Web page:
John Ashcroft is Research Director at the Relationships Foundation.

It is good that family policy is now championed for reasons of political philosophy (the Burkean platoonists) or to achieve ‘one nation’ goals around inequality and social mobility. But we will only have a fully integrated family policy when it is owned by the pragmatists who realise that at a time of fiscal constraint, all our resources – not least our social capital – must be stewarded and marshalled to best effect. To leave it idle, impede its operation, or even to undermine it will not bring lasting prosperity in any sense of the word. Any government facing both public expectations of improved public services and challenging fiscal constraints cannot afford to disregard the implications of changing family relationships.

This means that family policy cannot continue to be seen only as a discrete issue, the concern of social conservatives that embarrasses their more libertarian colleagues, or the focus-group-defined priorities of those ‘hard-working families’ to which any government must be seen to have proffered a solution (eg, more affordable childcare). Every area of government must pay heed to the social capital on which it relies, how this is fostered across all areas of government, and the pressures on public spending that are created when social capital is eroded.

Despite considerable rhetoric about family friendly policy the UK government does not have any official figures on the cost of relationship breakdown, they do not inform budget projections, and with no clear responsibility for over-arching family policy there is no effective mechanism to ensure coherence of family policy across government. As a government minister, Lord Freud, noted in a House of Lords debate when asked about the costs of breakdown:

“My Lords, I am unable to give an official figure. A number of organisations have produced estimates – for example, the Relationships Foundation, at £45 billion-odd – but there is no consensus. The social security spend on lone parents and collecting child maintenance is just under £9 billion, but we must acknowledge that there are wider societal costs.”

The costs of breakdown affect such areas as health, social care, welfare, housing, education and justice. The Relationships Foundation published our first estimate in 2009 as an invitation to debate and have updated it annually since then. It’s a broad brush, but plausible, estimate but it would surely be preferable if the Treasury took the issue sufficiently seriously to produce its own figures. We expect much of our families: the mutual provision of financial support, care in sickness and old age, and nurturing children through to adulthood. When relationships go right we all benefit; when they go wrong we all pay a price.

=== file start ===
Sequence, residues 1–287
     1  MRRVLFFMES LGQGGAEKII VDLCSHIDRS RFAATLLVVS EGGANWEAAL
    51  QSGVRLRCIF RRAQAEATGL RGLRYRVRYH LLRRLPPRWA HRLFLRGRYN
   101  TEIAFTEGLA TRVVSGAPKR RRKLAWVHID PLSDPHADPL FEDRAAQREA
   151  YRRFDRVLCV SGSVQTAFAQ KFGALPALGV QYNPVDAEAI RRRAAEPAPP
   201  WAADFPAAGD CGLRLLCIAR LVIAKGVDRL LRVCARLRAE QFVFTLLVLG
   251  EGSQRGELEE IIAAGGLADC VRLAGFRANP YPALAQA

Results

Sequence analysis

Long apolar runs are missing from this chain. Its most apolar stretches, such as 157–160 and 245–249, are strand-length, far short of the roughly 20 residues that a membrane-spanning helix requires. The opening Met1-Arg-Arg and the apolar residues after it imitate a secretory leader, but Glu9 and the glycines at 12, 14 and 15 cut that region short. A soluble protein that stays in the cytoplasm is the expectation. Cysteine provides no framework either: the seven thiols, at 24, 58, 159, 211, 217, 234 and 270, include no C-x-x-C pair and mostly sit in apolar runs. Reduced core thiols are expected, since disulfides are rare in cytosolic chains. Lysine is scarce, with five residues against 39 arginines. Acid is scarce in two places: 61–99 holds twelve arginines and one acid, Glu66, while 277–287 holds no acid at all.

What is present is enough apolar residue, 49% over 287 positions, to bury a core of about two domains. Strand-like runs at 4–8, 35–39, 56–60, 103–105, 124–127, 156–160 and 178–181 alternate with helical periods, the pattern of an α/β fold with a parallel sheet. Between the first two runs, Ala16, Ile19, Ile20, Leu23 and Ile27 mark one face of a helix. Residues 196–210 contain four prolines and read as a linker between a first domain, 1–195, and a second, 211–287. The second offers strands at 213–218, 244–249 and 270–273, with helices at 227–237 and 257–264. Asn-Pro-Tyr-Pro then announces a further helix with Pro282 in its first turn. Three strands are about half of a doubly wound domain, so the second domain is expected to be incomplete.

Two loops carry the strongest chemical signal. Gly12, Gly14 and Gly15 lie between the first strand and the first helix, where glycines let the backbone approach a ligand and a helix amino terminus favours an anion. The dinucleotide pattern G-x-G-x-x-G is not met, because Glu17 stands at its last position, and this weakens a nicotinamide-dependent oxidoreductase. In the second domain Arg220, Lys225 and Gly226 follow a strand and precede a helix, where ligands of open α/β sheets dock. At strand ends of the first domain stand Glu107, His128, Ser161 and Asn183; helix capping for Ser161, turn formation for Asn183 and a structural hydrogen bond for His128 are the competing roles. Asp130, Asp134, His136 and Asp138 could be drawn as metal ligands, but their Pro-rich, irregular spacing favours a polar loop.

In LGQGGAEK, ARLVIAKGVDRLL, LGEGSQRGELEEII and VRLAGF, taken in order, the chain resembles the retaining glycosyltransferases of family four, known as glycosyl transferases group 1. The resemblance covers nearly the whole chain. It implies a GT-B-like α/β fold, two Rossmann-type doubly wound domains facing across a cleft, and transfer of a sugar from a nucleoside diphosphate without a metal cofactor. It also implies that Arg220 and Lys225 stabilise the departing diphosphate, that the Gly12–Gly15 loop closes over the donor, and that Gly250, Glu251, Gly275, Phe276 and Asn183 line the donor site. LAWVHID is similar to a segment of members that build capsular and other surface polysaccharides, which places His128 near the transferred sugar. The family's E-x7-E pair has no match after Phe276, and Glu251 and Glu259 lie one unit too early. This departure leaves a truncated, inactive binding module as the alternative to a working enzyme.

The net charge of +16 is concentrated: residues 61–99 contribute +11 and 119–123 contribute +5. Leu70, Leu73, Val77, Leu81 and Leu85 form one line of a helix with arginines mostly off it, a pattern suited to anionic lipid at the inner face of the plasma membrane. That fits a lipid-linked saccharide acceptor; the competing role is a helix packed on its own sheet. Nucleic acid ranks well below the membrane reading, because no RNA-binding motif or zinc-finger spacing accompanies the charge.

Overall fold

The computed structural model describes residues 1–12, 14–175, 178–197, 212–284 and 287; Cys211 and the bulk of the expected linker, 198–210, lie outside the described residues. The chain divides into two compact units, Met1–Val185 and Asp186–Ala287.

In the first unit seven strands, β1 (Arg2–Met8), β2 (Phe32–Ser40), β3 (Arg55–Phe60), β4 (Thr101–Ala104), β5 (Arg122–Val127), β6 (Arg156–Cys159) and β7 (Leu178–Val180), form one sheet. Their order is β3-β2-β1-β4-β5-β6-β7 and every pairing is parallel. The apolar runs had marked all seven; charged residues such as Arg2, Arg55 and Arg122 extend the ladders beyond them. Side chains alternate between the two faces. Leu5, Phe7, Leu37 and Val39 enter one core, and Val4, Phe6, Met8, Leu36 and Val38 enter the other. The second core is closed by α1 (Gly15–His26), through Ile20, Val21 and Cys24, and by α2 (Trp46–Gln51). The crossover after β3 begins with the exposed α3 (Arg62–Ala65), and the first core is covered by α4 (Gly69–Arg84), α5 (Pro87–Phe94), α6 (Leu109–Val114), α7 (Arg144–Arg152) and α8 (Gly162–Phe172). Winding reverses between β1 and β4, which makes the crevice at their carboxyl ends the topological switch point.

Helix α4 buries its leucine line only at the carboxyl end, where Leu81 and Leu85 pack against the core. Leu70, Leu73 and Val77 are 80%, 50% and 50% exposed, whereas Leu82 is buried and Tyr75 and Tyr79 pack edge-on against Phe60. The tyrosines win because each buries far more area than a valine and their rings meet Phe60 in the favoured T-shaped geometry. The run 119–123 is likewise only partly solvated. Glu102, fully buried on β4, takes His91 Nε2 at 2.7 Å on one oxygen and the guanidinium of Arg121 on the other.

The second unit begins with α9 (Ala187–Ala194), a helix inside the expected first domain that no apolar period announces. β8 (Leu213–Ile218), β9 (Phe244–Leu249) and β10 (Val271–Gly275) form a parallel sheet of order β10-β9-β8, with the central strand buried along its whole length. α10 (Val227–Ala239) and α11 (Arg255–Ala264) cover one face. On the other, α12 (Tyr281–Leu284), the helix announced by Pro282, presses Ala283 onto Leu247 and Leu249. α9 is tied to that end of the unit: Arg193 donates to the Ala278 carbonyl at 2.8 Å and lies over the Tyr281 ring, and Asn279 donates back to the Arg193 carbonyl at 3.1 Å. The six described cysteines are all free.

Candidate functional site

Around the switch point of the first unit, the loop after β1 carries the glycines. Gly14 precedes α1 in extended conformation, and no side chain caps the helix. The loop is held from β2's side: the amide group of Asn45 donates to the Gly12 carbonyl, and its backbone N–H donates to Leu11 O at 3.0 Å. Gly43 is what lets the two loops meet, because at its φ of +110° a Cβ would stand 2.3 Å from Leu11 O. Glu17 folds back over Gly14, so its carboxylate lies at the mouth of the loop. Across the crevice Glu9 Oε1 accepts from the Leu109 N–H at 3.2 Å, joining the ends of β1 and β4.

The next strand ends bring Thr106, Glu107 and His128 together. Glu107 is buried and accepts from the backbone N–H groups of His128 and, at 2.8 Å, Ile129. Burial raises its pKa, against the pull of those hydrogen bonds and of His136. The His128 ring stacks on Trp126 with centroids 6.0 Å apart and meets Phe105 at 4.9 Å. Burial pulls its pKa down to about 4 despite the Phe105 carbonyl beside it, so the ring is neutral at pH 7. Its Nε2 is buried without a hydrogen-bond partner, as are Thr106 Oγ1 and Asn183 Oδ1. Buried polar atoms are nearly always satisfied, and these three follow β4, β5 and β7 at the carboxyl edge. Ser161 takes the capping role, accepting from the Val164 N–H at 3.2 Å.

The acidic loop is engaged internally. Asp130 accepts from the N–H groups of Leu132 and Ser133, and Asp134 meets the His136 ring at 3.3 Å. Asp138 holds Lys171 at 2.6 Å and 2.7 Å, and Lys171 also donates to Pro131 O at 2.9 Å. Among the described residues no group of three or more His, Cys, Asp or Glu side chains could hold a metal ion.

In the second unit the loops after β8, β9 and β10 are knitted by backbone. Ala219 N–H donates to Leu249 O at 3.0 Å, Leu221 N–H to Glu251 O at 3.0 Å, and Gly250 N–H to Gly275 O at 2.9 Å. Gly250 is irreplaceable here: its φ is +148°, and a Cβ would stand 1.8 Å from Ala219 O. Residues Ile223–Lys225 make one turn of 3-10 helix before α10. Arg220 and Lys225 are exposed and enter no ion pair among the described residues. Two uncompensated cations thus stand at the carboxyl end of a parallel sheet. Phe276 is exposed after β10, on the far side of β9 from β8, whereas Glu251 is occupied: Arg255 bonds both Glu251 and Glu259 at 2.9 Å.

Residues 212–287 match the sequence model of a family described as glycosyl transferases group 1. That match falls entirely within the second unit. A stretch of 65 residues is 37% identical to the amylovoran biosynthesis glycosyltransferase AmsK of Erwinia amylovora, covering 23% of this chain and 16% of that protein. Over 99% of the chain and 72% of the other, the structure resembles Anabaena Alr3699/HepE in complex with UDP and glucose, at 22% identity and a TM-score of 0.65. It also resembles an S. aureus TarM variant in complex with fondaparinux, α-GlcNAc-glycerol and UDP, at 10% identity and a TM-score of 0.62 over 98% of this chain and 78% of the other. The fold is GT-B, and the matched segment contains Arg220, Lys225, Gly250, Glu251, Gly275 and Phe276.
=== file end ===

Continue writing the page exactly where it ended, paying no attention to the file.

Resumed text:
Measures to support families, or avoid undermining them, will often have costs. Providing access to relationships education and counselling, support for family finances through the tax or welfare system, help with care responsibilities, family support workers to work with troubled families, maternity and paternity leave provisions, or restrictions on working long or unsocial hours may all have some costs – directly on government, or sometimes on business. Understanding the costs of relationships breakdown, and the potential for government action to influence the rate of breakdown, is therefore essential in demonstrating the benefits of investing in that support. So, for example, funding for action to reduce the numbers of children being taken into care is informed by knowing that residential and foster care costs between £29,000 and £135,000 per child, per annum, according to the National Audit Office.